It has a fuselage with a blended wing body that combines the functions of a fighter jet and a strike aircraft. While Russia has pitched this as a rival of the American F-22 Raptor, many Western analysts are of the view that Su-57 is not a stealth aircraft in the true sense of the term.
They also cast doubts about its fifth-generation quality as the aircraft uses an older engine.
Following a crash in 2019, the credibility of the Su-57 came under a cloud and many prospective buyers of the fighter aircraft, including India, turned down Russia’s offers. A new development process is currently underway and the Russian Air Force is set to get 76 of these aircraft over a few years.
Checkmate VS Felon
The images of both Sukhoi-manufactured fighter aircraft — Su-75 and Su-57 — were released by Rostec. Military experts and aviation buffs took to Twitter highlighting their distinct features.
One common feature noticed is that both Sukhoi designs are optimized for a ‘balanced’ degree of low visibility giving the aircraft a certain degree of stealth advantage.
Both planes have a blended-body design with a lift-generating fuselage and wing leading-edge root extensions (LERXes). The only difference is that Su-57s are relatively quite large as compared to the Su-75 and have massive movable flaps, explained The Drive.
The Checkmate shares some features with the Su-57 jet. In particular, the two airframes have very similar wing sizes and forward fuselage sections, however, the two aircraft’s tail sections vary significantly.
While the Su-57 opts for a more traditional canted tail and horizontal stabilizers, the Checkmate instead features a ruddervator that, with fewer surfaces, would presumably be stealthier than a conventional tail assembly, explains National Interest.
The comparison between the two combat aircraft reveals various similarities with respect to the design of the wings and the use of the Izdeliye 30 engine (AL-41F1S) used in the Su-57. Rostec, the manufacturer of Checkmate, however, claims that the new fighter aircraft has benefited from several other systems of the Su-57.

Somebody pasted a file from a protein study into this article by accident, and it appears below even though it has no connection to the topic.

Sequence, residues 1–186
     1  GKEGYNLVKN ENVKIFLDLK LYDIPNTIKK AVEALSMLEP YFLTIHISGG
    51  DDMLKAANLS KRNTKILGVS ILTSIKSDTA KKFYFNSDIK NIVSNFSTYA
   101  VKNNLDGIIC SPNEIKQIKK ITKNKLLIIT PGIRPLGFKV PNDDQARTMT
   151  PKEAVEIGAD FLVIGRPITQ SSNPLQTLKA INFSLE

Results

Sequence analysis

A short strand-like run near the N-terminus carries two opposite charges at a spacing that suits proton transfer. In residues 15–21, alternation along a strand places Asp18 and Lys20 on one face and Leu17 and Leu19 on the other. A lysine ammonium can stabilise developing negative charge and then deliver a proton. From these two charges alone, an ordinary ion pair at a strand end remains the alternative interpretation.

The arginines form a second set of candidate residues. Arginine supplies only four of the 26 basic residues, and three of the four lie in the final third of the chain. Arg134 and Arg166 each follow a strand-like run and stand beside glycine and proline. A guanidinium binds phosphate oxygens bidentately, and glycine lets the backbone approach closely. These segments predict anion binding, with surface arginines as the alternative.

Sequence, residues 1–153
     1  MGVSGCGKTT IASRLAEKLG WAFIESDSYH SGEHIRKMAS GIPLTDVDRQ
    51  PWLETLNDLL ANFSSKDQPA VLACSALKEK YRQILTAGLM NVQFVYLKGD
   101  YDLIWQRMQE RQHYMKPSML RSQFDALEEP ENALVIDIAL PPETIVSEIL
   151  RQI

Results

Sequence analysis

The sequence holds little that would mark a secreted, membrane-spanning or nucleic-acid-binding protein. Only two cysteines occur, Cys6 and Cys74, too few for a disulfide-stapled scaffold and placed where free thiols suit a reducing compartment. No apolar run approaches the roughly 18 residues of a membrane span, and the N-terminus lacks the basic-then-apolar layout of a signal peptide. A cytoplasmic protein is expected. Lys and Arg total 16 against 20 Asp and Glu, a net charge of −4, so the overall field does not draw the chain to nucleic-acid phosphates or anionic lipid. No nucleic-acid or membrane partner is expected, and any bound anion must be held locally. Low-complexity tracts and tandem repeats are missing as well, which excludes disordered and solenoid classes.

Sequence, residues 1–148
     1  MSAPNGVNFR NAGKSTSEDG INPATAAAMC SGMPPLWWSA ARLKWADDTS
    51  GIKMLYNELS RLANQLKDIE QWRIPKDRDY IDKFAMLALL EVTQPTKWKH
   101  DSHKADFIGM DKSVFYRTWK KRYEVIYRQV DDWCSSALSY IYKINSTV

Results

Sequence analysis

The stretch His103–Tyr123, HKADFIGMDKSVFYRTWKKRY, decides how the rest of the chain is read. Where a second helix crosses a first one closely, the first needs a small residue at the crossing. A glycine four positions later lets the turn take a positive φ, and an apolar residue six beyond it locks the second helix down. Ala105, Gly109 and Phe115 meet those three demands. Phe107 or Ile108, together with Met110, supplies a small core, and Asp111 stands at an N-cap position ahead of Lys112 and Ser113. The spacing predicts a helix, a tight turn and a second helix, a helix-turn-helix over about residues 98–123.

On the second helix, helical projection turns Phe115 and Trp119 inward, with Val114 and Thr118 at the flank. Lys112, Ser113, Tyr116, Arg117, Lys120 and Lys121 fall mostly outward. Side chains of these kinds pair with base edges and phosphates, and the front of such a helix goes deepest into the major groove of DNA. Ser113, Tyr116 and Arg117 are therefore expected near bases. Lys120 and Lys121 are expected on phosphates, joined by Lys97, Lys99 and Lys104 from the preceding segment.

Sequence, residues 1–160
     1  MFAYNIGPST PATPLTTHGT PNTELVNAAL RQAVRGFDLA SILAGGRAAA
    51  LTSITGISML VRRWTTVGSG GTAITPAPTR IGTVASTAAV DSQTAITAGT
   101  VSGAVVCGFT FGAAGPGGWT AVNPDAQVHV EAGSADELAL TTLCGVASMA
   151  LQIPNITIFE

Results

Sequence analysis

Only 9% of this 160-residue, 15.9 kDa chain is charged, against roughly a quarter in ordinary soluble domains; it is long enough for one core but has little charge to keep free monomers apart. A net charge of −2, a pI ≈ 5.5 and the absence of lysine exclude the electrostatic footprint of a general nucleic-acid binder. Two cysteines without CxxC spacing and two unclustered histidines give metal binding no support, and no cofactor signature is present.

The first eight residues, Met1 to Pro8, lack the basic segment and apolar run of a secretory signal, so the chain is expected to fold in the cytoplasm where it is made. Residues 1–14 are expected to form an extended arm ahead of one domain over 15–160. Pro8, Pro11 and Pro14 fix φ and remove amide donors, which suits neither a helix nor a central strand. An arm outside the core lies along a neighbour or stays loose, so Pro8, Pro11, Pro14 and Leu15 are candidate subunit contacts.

“Checkmate was developed with the help of scientific and technical bases obtained during the creation of the export version of the Su-57E aircraft. In particular, the aircraft inherited the cabin, onboard systems and a few other elements. This makes it possible to reduce the cost of the aircraft and simplify its maintenance,” stated the company.
According to the data published by TASS, the new Su-75 Checkmate has a maximum speed of Mach 1.8 and a maximum range of 3000km. On the other hand, the Su-57 has a maximum speed of Mach 2 and a maximum range of more than 3500km.
This is an expected difference between the two as the former is a single-engine ‘light’ combat aircraft.
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The Su-75 boasts a modern glass cockpit with a similar layout to that of Russia’s Su-57. In addition to catering to the needs of its own Air Force, the Checkmate is being developed for export purposes while keeping in mind countries like India, Vietnam, and several African nations.
It is pertinent to note that Russia is desperately looking for an export-worthy fifth-generation stealth jet following the Su-57 debacle. And Moscow believes Checkmate would help establish Russia as a major player in the affordable stealth jet market.